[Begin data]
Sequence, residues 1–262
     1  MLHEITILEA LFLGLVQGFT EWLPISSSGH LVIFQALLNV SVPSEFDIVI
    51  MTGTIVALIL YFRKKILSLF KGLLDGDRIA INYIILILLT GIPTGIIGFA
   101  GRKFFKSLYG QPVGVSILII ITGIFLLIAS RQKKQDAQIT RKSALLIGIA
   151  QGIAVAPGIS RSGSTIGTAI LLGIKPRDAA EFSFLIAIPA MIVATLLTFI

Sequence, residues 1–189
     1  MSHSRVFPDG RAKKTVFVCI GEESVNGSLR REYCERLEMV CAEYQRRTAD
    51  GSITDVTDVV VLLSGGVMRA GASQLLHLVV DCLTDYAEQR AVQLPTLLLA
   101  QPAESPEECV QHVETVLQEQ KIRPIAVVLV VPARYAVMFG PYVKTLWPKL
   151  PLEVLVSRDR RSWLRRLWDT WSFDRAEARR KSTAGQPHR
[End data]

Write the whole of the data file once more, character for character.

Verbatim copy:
Sequence, residues 1–262
     1  MLHEITILEA LFLGLVQGFT EWLPISSSGH LVIFQALLNV SVPSEFDIVI
    51  MTGTIVALIL YFRKKILSLF KGLLDGDRIA INYIILILLT GIPTGIIGFA
   101  GRKFFKSLYG QPVGVSILII ITGIFLLIAS RQKKQDAQIT RKSALLIGIA
   151  QGIAVAPGIS RSGSTIGTAI LLGIKPRDAA EFSFLIAIPA MIVATLLTFI

Sequence, residues 1–189
     1  MSHSRVFPDG RAKKTVFVCI GEESVNGSLR REYCERLEMV CAEYQRRTAD
    51  GSITDVTDVV VLLSGGVMRA GASQLLHLVV DCLTDYAEQR AVQLPTLLLA
   101  QPAESPEECV QHVETVLQEQ KIRPIAVVLV VPARYAVMFG PYVKTLWPKL
   151  PLEVLVSRDR RSWLRRLWDT WSFDRAEARR KSTAGQPHR